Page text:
On Labor Day, activists worried about balance of power
But for some the federal holiday represents more — much more in a political climate where being a union member is coming under attack.
Historically, Leelanau County has not been a center for organized labor. However, a number of residents in the building trades have been and continue to participate in union activities.
“In the old days each town had its own union shop,” said Lake Leelanau resident Bruce Price, a longtime member of Bricklayers and Allied Craftsmen Local No. 9 out of Lansing. “We had a lot of union shops in Traverse City… but it all fell apart.”
In the 1970s, Traverse City’s bigger masonry contractors — Comstock, Koning and Arnold & Tezak — were all union shops. Price worked as an apprentice for three years before becoming a journeyman.
And the political clout of the groups was significant. Workers in some cases hit the picket line and struck.
Anti-union sentiments appeared to take hold in 1981 when President Ronald Reagan broke the striking Professional Air Traffic Controllers Organization, a national organization.
That’s considered by many to be one of the most important events in U.S. labor history. Price, however, said another important turn occurred when the labor market became more competitive, and the number of businesses affiliated with trade unions decreased.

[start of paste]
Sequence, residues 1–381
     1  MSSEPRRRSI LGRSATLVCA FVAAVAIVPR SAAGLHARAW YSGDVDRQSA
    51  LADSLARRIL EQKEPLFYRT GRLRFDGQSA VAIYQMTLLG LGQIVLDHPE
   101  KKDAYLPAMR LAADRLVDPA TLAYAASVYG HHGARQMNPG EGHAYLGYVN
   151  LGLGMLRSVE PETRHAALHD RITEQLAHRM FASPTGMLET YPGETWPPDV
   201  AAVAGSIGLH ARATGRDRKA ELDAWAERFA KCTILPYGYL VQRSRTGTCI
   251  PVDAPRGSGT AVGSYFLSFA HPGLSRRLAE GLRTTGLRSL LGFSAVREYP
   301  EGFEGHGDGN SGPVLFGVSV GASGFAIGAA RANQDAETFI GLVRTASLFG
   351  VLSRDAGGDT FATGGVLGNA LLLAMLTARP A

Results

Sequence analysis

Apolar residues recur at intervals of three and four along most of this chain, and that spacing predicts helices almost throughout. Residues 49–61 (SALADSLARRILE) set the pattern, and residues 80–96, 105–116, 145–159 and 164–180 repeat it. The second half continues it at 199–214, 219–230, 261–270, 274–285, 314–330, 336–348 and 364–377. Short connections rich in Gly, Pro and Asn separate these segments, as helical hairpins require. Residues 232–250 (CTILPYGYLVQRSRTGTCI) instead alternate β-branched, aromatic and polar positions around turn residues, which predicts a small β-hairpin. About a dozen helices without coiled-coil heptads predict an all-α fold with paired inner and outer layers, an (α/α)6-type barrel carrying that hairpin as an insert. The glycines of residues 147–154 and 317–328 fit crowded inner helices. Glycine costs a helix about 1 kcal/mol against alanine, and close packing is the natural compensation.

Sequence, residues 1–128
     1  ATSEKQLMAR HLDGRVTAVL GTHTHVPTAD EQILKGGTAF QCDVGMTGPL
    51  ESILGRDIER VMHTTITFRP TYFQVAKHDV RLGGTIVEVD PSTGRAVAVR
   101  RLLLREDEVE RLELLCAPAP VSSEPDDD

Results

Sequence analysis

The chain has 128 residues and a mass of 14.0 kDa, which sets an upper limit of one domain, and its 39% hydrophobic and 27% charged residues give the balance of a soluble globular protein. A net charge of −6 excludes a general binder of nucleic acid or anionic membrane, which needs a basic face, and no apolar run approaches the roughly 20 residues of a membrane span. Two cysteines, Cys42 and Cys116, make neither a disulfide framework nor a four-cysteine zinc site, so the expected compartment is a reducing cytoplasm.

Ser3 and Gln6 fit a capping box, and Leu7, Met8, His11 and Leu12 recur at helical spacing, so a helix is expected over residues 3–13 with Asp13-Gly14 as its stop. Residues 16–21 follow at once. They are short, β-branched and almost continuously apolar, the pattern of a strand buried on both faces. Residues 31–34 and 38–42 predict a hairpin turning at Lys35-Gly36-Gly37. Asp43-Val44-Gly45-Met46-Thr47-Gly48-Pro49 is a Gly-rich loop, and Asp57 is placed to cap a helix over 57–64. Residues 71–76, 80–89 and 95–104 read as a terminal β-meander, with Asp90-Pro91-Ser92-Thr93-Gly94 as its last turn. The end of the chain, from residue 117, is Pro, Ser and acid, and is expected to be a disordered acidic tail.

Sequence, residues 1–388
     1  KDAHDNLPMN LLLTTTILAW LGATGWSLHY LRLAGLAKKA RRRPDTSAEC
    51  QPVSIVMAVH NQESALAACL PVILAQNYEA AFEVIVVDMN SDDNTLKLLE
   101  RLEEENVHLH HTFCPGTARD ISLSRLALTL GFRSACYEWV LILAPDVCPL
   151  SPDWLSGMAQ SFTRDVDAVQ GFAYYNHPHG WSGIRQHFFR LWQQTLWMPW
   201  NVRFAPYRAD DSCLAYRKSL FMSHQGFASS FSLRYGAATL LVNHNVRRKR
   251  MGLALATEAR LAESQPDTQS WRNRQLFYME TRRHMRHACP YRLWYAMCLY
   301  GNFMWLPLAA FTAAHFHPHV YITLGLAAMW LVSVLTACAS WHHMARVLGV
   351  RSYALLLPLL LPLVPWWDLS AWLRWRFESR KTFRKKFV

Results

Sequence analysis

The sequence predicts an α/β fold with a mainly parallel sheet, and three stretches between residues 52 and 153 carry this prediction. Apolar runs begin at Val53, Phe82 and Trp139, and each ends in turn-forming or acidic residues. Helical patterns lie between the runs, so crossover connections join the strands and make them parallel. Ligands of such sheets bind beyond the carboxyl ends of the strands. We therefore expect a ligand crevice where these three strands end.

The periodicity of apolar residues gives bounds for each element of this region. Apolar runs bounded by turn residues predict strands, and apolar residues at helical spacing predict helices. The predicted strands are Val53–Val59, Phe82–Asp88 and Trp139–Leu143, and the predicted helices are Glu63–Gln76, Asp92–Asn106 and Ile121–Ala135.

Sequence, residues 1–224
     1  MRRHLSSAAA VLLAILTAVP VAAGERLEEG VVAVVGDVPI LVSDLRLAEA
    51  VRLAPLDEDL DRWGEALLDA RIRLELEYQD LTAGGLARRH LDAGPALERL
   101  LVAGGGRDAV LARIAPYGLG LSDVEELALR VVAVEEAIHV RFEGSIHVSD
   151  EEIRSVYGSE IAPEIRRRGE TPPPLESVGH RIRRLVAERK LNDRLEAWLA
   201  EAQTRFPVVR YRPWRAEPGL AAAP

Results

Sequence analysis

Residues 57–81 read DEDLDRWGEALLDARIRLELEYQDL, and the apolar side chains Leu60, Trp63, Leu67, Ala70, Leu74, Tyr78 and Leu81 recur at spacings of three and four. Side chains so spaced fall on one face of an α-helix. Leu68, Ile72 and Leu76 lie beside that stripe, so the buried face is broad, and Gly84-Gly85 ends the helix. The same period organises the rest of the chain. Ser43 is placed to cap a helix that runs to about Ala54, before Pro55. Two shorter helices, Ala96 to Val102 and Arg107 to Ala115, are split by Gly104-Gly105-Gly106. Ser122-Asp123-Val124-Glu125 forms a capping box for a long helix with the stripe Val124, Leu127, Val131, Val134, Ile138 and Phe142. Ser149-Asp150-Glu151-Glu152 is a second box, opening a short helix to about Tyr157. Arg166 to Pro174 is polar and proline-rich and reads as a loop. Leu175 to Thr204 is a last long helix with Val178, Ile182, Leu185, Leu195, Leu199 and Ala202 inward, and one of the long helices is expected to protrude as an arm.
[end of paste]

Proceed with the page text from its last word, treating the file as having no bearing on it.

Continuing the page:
“As things slowed down, more and more contractors went non-union,” Price said.
Eventually, union tradesmen had to be willing to travel to get work. Price recalls driving daily to work sites in Pellston, Boyne City and Alpena.
Now many tradesmen are working for non-union wages.
“It’s a race to the bottom,” Price said.
Both he and Cindy Hollenbeck of Maple City are concerned about a general anti-union tone in the Republican controlled state Legislature. Union acitivists have secured a spot on the November ballot to provide unions constitutionally guaranteed power to collective bargain.
“There’s a mighty force aligned against unions right now,” said Hollenbeck, one-time president of the Glen Lake Federation of Teachers who plans to retire after the upcoming school year. “Regular people aren’t interested in politics until it starts to hit home.”
Hollenbeck took a personal day in the winter of 2011 to march in Lansing in protest of the union-busting legislation which was approved by the Republican dominated state House and Senate.
The grandmother of four said she was disappointed but not surprised that Wisconsin Gov. Scott Walker survived a recall effort which focused on passage of labor-nullifying legislation.
“It wasn’t a vote of love for his people. He toned it way down and became more quiet and sneaky like (Gov.) Rick Snyder,” she said.
As she begins her 25th year in the classroom, Hollenbeck said she’s trying not to “freak out” about the decline of unions.
“People will rise up again. I hope we don’t have to work to get back everything we’ve gotten,” she said.